Dealing with Fame, A Chilling Memoir


Jake Creus, Senior

July 24, 2018: Much like Demi Lovato, I feel the world’s eyes staring at my every move.

Excerpt taken from a best-selling auto-biography consisting of anecdotes and short stories I plan on writing in the future.

A couple months ago I embarked on a journey I never signed up for. Having newly joined the Garnet Mine’s esteemed team of writers, I knew I had to hit the ground running with my first article. Little did I know that I would become the champion for the new school cafeteria, the activist for better nutrition. Much like Michelle Obama, I understood the dangers terrible food can have on a high school, and decided that something I felt so passionate about would be the ideal subject of my first article.

So now I sit here and wonder, was it worth it?

While I cannot express enough appreciation for the countless praise and support the article received, I realize now that fame can corrupt ones mind. I often times find myself eating the chicken tenders and thinking this is awful, but realistically, the food is merely terrible and not quite at the level of “awful”. Do I think of myself as some food connoisseur, who now instinctively dislikes all food served by the cafeteria? Furthermore, my second article was such a tremendous drop off from my first that I even began to question my journalistic abilities. Every day, I sat in my first period class debating whether I should even start a new article. I couldn’t bear the thought of disappointing the public, who patiently awaited my next work. While I struggled with writers block, I noticed my attitude changed as well. I sat at thanksgiving, and became infuriated at every birthday wish (my birthday was the week prior) I received. Is no one going to congratulate me on my fantastic article which is sparking the greatest change in Rye High School history? Is no one going to mention the hilarious joke I made in my podcast? I bet no one at this table has ever even thought about taking the weight of the world on their shoulders.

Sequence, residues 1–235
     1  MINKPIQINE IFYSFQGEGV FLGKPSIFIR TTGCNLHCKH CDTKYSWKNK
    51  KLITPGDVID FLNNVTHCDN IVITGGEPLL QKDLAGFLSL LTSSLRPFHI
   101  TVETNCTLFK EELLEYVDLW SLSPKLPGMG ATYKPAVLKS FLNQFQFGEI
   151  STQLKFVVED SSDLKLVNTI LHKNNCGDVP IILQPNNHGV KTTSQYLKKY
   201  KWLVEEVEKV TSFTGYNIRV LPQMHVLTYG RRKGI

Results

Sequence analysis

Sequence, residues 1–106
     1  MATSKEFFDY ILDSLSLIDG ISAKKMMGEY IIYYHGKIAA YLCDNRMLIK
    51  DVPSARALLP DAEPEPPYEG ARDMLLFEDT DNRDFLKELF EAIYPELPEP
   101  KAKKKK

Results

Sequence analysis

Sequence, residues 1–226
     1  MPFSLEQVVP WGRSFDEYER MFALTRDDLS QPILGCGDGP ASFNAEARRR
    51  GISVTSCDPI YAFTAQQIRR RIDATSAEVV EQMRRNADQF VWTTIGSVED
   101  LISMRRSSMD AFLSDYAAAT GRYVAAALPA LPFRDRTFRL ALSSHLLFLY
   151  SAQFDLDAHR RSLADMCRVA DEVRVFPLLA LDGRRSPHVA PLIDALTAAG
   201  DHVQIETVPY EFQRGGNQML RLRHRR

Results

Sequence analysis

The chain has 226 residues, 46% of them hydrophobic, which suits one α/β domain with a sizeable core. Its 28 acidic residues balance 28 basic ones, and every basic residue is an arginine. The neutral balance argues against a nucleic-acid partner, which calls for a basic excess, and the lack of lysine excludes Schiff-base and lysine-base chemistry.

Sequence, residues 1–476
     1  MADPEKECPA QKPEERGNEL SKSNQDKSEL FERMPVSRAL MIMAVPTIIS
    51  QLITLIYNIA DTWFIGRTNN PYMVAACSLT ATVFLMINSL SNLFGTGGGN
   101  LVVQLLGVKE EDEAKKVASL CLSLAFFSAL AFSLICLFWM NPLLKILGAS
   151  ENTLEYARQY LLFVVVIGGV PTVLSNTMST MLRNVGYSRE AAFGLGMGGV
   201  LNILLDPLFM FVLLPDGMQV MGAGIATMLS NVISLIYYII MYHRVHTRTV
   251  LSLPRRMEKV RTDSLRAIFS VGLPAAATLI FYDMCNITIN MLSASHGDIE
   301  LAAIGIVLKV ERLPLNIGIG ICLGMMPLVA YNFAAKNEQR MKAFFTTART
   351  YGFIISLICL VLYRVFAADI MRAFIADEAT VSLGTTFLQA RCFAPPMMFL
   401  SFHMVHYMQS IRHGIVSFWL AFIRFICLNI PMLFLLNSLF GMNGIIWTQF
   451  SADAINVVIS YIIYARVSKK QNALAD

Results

All these thoughts and more occupied my mind, my ego growing every second.

Let my story warn you. For fame is not a controllable force but a tsunami with no end in sight. While I’m still managing this unrelenting burden, I’ve learned to live with it. I’ve learned to concede that not everyone was born with the same revolutionary nature, or talent regarding most things. And while I still find it difficult to top my first article (like most journalists must feel), I’ve come to learn that it is not about the recognition the writing receives but about the effect it has on the world.